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The Fencing Master Paperback – Bargain Price, June 7, 2004


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Product Details

  • Paperback: 256 pages
  • Publisher: Harvest Books (June 7, 2004)
  • Language: English
  • ISBN-10: 0156029839
  • ISBN-13: 978-0156029834
  • ASIN: B002CMLR8I
  • Product Dimensions: 7.9 x 5.2 x 0.8 inches
  • Shipping Weight: 8.8 ounces
  • Average Customer Review: 4.0 out of 5 stars  See all reviews (113 customer reviews)
  • Amazon Best Sellers Rank: #1,457,294 in Books (See Top 100 in Books)

Editorial Reviews

Amazon.com Review

In The Club Dumas, Arturo Pérez-Reverte explored the labyrinthine world of antiquarian book dealers, spicing his tale of mystery and murder with characters straight out of Paradise Lost and The Three Musketeers. Next came The Flanders Panel, a brilliant puzzle comprised of art, chess, and untimely death whose resolution lies in a painting by a Flemish master. In The Seville Communion, Pérez-Reverte turned his sights on the tangled politics of the Roman Catholic Church as an appropriate backdrop--for murder. In his fourth novel translated into English, the Spanish writer changes centuries (if not his focus on homicide), returning to the mid-1800s to follow the exploits of Don Jaime Astarloa, the eponymous fencing master.

The year is 1866 and revolution is brewing in Spain. The corrupt Bourbon queen, Isabella II, is slowly losing her grip on power as equally corrupt exiled politicians vie to be her successor in a new republic. Against this background of political upheaval, Don Jaime goes about his business, teaching a dying art to a dwindling number of students. This is a man who resists changing times; to a friend he explains, "I have spent my whole life trying to preserve a certain idea of myself, and that is all. You have to cling to a set of values that do not depreciate with time. Everything else is the fashion of the moment, fleeting, mutable. In a word, nonsense." But then Adela de Otero--a woman with a mysterious past and an amazing talent for swordplay--comes into his life, and Don Jaime's world is turned upside down. As always, Pérez-Reverte offers literary excellence, a thumping good mystery, and fascinating insight into an arcane practice, in this case, fencing. Though the 19th-century politics in the book may resonate more with a Spanish audience than with English readers, the moral at the heart of The Fencing Master is universal: "to be honest, or at least honorable--anything, indeed, that has its roots in the word honor." In this, Don Jaime and Arturo Pérez-Reverte both succeed. --Alix Wilber --This text refers to the Hardcover edition.

From Publishers Weekly

Spain's bestselling novelist follows three polished and erudite thrillers (The Flanders Panel; The Club Dumas; The Seville Communion) with a fourth that combines the classic art of fencing, 19th-century Spanish monarchical politics and the eternal lure of the femme fatale. Don Jaime Astarloa, aging and solitary, is Madrid's greatest fencing master, eking out a threadbare living in this age of the pistol by teaching the sons of the nobility. In the hot summer of 1868, while rumors abound in Madrid of possible insurrection and the forced abdication of Queen Isabelle II, Don Jaime is visited by a beautiful young woman calling herself Adela de Otero, who offers him double his usual fee to teach her a secret, famously difficult sword thrust. At first Don Jaime refuses to consider a woman as a student; but with her intricate knowledge of fencing and the mysterious, tiny scar at the corner of her mouth, Adela wins him over and proves to be an expert fencer, gifted, disciplined and determined. Soon she is winning Don Jaime's heart as well. Thus is set into motion a complex succession of plots and counterplots analogous to the thrust and parry of a fencing match. P?rez-Reverte is a master of lushly atmospheric suspense, and his prose is as spellbinding in the fencing gallery as it is in the arcane realm of honor and loyalty that shapes Don Jaime's world. The mysteries unravel to the final pages, as Don Jaime pursues his lifelong dream of discovering "the unstoppable thrust," not in politics, contemplation of his art or even romance, but on the floor of battle. 100,000 first printing; $100,000 ad/promo; author tour. (June) FYI: The Ninth Gate, the film of P?rez-Reverte's The Club Dumas, directed by Roman Polanski and starring Johnny Depp, will open in April.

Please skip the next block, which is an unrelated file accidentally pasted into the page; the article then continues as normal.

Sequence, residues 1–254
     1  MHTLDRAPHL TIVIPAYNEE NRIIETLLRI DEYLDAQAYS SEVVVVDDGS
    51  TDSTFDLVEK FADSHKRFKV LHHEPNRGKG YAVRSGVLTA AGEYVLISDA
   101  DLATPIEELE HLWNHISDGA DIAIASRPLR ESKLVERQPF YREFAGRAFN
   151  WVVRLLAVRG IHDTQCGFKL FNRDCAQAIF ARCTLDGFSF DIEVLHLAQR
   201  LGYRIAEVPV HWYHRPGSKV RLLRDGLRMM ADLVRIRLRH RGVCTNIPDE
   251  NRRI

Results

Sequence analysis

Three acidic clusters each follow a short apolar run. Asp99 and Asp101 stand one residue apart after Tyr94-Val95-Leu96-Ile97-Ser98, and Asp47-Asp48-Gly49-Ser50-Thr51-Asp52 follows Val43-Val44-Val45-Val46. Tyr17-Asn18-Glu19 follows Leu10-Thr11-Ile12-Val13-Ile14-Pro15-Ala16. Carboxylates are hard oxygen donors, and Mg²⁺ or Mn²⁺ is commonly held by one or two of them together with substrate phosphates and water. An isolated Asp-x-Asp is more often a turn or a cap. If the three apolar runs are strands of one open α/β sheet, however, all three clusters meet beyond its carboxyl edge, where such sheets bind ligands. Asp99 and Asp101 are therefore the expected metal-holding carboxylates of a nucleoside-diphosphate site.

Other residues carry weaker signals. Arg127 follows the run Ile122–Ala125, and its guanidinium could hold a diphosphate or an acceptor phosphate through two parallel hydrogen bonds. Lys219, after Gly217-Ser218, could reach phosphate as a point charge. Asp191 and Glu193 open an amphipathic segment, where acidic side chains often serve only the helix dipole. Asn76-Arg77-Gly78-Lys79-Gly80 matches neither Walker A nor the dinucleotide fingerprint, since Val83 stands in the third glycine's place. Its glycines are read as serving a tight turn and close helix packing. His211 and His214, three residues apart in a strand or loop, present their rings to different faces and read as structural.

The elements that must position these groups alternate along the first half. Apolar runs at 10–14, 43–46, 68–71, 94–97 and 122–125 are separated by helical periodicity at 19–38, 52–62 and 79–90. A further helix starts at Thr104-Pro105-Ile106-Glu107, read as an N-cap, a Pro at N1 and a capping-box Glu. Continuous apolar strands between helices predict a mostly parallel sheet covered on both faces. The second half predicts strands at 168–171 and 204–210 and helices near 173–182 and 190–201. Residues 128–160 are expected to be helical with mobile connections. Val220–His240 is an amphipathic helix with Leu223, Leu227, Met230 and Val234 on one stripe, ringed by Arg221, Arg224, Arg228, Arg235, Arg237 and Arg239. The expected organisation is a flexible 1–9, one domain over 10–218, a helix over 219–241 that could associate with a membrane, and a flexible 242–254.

Copyright 1999 Reed Business Information, Inc. --This text refers to the Hardcover edition.

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Customer Reviews

Good plot and characters.
Flamo
It's a relatively short book, and you will keep turning pages long after you probably should have retired for the night, if you read in bed, as I do.
Frank J. Konopka
It was very simple and cliched and rather, well, boring.
Barbara A. Fisher

Most Helpful Customer Reviews

30 of 30 people found the following review helpful By A Customer on December 4, 1999
Format: Hardcover
The Fencing master was a bit of a surprise, as it finds success more as a character study and exploration of personal ethics, unlike earlier novels Flanders Panel and Club Dumas, which were intricate and playful mysteries. Nontheless, this was a satisfying and enjoyable read. The book is built around a memorable figure, the fencing master, a Quixote like man of remarkable ethical consistency and dignity, but with a self awareness and sense of irony lacking in the man from La Mancha. Riverte also treats us to thrilling fencing sequences, political and moral intrigues of 19th century Spain, and a femme fatale to rival m'lady in the Three Musketeers. A worthy novel from one of the most interesting and intellectually diverse writers working.